Feeds

White space debate comes to Blighty

Less space, more debate

3 Big data security analytics techniques

While the FCC is happy to let consumers in the USA make use of the space between TV channels, in the UK the debate is only just beginning.

Once analogue TV transmissions are switched off the digital network will still leave regional gaps, known as white spaces, where some believe low-powered devices should be allowed to hang out, as the FCC recently approved in the USA. But others point out that the UK is a small island and any use of white spaces is going to have to be strictly controlled to prevent interference with TV transmissions.

The problem was highlighted by Adrian Payne, a scientist presenting for NXP Semiconductors at a recent Institution of Engineering Technology seminar, PolicyTracker reports. Payne has calculated that a white-space system using channels directly adjacent to broadcast TV risks interferring if the device is within 27 metres of a TV aerial.

Even if there's a clear gap between the frequency used by TV channels and that being exploited by a white-space device interference is still possible if the device is less than four metres from the aerial.

In the USA using adjacent channels provides 114MHz of spectrum, while leaving a gap reduces that to 30MHz - still a useful amount of spectrum. But in the UK our transmitter density means that only 25MHz is available using adjacent channels, and nothing at all if a gap is left.

Ensuring that white-space devices remain more than 27 metres from any TV aerial is going to be a challenge, particularly in the UK where few people spend their time that far from an aerial. If Ofcom decides to adopt the no-licence-required approach agreed by the FCC it would seem impossible to use adjacent channels, but requiring a gap would limit white-space deployments to the Highlands and parts of Northern Ireland - perhaps useful for connecting rural communities, but that's not where the money is.

Ofcom is looking into the matter, as well as working with the PMSE (Programme Making & Special Events) industry about the continued use of wireless microphones after analogue switch-off. The PMSE crowd are still waiting to hear who's going to manage their spectrum - last month Ofcom admitted the business is worth just shy of a million quid a year (pdf) so that companies can bid sensibly, but they don't yet know where that spectrum will be so manufacturers can't make kit and production companies can't buy anything.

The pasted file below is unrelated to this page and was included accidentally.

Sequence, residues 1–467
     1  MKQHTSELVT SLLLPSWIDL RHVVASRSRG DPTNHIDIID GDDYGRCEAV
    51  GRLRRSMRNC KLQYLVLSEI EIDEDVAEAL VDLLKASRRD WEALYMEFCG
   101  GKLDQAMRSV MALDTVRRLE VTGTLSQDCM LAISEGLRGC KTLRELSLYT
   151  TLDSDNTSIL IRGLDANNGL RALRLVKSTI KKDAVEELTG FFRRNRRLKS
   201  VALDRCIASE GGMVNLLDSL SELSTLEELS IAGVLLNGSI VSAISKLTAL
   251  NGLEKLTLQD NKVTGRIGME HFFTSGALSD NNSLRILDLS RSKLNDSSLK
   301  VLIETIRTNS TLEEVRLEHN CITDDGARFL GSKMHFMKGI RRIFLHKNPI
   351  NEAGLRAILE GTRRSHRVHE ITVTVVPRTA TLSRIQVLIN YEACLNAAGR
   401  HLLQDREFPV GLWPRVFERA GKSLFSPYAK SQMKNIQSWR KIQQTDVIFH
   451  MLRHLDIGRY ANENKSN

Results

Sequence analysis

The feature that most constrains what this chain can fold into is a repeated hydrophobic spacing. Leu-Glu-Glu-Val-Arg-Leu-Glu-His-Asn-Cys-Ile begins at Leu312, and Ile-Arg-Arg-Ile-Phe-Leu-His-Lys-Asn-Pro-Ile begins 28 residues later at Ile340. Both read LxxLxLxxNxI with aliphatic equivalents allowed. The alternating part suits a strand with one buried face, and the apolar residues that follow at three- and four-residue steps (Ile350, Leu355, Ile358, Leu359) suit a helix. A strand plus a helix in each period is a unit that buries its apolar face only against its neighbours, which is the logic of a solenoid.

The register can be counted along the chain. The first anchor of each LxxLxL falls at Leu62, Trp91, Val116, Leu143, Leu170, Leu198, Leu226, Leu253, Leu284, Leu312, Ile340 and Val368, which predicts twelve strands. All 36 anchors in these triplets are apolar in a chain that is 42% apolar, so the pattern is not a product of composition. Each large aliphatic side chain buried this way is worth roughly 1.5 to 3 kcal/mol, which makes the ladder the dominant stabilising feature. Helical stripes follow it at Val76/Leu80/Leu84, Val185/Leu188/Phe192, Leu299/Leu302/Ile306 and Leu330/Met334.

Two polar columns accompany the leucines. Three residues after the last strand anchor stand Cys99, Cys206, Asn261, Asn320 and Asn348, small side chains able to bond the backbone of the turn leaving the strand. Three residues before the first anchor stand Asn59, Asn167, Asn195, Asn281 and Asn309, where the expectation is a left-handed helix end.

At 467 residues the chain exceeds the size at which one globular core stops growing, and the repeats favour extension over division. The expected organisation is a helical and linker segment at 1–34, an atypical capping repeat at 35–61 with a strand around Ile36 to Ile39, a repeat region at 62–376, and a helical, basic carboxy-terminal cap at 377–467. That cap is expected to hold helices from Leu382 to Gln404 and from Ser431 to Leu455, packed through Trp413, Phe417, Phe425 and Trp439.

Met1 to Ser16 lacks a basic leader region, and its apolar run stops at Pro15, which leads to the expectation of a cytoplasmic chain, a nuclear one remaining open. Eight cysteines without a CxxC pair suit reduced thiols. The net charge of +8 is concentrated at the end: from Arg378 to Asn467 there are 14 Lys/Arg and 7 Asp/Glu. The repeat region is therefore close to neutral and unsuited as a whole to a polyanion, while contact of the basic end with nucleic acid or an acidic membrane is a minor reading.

The concern is that PMSE will get pushed into white space, further squeezed between TV channels, and at risk from interference from unlicensed white-space devices that don't manage to sense and avoid legitimate users - something you don't want happening in the middle of a West End musical.

It's unlikely the UK debate will see animated evil telephones or endorsements from Dolly Parton - we don't tend to do things that way. But it is likely to be equally vehement, and no matter who loses you can be sure that Ofcom will get the blame. ®

3 Big data security analytics techniques

More from The Register

next story
A black box for your SUITCASE: Now your lost luggage can phone home – quite literally
Breakfast in London, lunch in NYC, and your clothes in Peru
Broadband Secretary of SHEEP sensationally quits Cabinet
Maria Miller finally resigns over expenses row
EE dismisses DATA-BURNING glitch with Orange Mail app
Bug quietly slurps PAYG credit - yet EE denies it exists
Like Google, Comcast might roll its own mobile voice network
Says anything's possible if regulators approve merger with Time Warner
Turnbull leaves Australia's broadband blackspots in the dark
New Statement of Expectations to NBN Co offers get-out clauses for blackspot builds
Facebook claims 100 MEEELLION active users in India
Who needs China when you've got the next billion in your sights?
Facebook splats in-app chat, whacks brats into crack yakety-yak app
Jibber-jabbering addicts turfed out just as Zuck warned
prev story

Whitepapers

Designing a defence for mobile apps
In this whitepaper learn the various considerations for defending mobile applications; from the mobile application architecture itself to the myriad testing technologies needed to properly assess mobile applications risk.
3 Big data security analytics techniques
Applying these Big Data security analytics techniques can help you make your business safer by detecting attacks early, before significant damage is done.
Five 3D headsets to be won!
We were so impressed by the Durovis Dive headset we’ve asked the company to give some away to Reg readers.
The benefits of software based PBX
Why you should break free from your proprietary PBX and how to leverage your existing server hardware.
Securing web applications made simple and scalable
In this whitepaper learn how automated security testing can provide a simple and scalable way to protect your web applications.